8            If I could have the next slide.  
            
        9            And just for reference, I've included a
            
       10   reminder of the definition of Reference Exposure Level. 
            
       11   Key point here is that it's meant to protect most
            
       12   people, including sensitive individuals, although we're
            
       13   unable to account for idiosyncratic responses. 
            
       14            Therefore, exceedence of the REL does not
            
       15   necessarily result in the appearance of adverse health
            
       16   consequences, although it may increase the probability
            
       17   that such consequences might be seen.  
            
       18            If I could have the next slide, please.  Could
            
       19   you pull that down just a shade?  Thank you. 
            
       20            The modifications which we've made basically in
            
       21   response to your previous comments, and the first thing
            
       22   that we have done is in fact reevaluated several of the
            
       23   proposed RELs, which were based on USEPA RfCs.  And to
            
       24   -- rather than simply following the USEPA
            
       25   recommendation, we've reevaluated these levels in
            

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        1   accordance with our methodological guidelines.  
            
        2            And the first group of chemicals, the change
            
        3   was essentially to drop the modifying factor from the
            
        4   uncertainty factors which USEPA uses on a number of
            
        5   occasions but without particularly consistent rationale. 
            
        6   And it's not in fact included in our guidelines.  
            
        7            And so for the four compounds listed here,
            
        8   ethyl chloride, hydrogen cyanide, hydrogen sulfide,
            
        9   manganese, this was the substantial change.  
            
       10            In the case of hydrogen sulfide, the other
            
       11   uncertainty factors were slightly different than those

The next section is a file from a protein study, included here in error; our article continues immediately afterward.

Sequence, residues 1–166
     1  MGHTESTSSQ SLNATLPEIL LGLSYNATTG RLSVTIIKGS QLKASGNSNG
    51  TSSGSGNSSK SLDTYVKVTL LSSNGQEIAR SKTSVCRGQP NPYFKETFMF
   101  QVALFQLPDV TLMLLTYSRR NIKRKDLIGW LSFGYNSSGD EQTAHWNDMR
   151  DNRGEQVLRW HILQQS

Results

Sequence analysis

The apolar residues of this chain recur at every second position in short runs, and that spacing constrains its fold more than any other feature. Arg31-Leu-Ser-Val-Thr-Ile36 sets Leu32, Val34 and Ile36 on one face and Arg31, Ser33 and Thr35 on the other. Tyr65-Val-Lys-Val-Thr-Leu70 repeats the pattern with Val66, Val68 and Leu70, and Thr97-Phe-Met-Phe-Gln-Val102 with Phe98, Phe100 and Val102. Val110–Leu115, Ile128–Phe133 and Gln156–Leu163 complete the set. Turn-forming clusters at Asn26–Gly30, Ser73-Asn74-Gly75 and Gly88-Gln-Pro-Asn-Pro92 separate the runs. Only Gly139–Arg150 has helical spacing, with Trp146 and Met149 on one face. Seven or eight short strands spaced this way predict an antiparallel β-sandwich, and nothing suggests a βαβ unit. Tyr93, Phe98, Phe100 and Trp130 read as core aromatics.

12   used by USEPA.  But apart from the dropping the
            
       13   modifying factor, the other changes are not -- don't in
            
       14   fact result in a substantial difference in the final
            
       15   number.  
            
       16            If I could have the next slide, please. 
            
       17            Some other changes which I will describe more
            
       18   specifically, for hexane, we reevaluated the data, and
            
       19   rather than using the earlier RfC result, which was
            
       20   criticized by the panel on the grounds that the results
            
       21   in the key human study were somewhat questionable and
            
       22   involved potentiating co-exposures, we in fact developed
            
       23   a new REL, which is substantially higher, which was
            
       24   based on a one-year animal study with multiple exposure
            
       25   levels and which clearly avoids the problem of the
            

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        1   potentiating co-exposures. 
            
        2            In addition to the change I mentioned earlier
            
        3   for hydrogen sulfide -- 
            
        4            CHAIRMAN FROINES:  I'm not sure I'd like to be
            
        5   exposed to 7,000 micrograms per cubic meter of hexane. 
            
        6   It seems like going from 207,000 is a big jump.
            
        7            DR. SALMON:  It is a substantial change, yes. 
            
        8            DR. COLLINS:  You're the key reviewer.
            
        9            CHAIRMAN FROINES:  I understand.
            
       10            DR. SALMON:  Essentially, we were following the
            
       11   recommendation to look at the animal studies in
            
       12   reference to the human study.  And this is -- 
            
       13            DR. BLANC:  In that particular case?
            
       14            DR. SALMON:  In this specific instance, because
            
       15   of the problems with the human study.  I -- and this is
            
       16   the number that going with the animal studies comes out
            
       17   with.  If you have further specific direction on how we
            
       18   should address this, then obviously we will --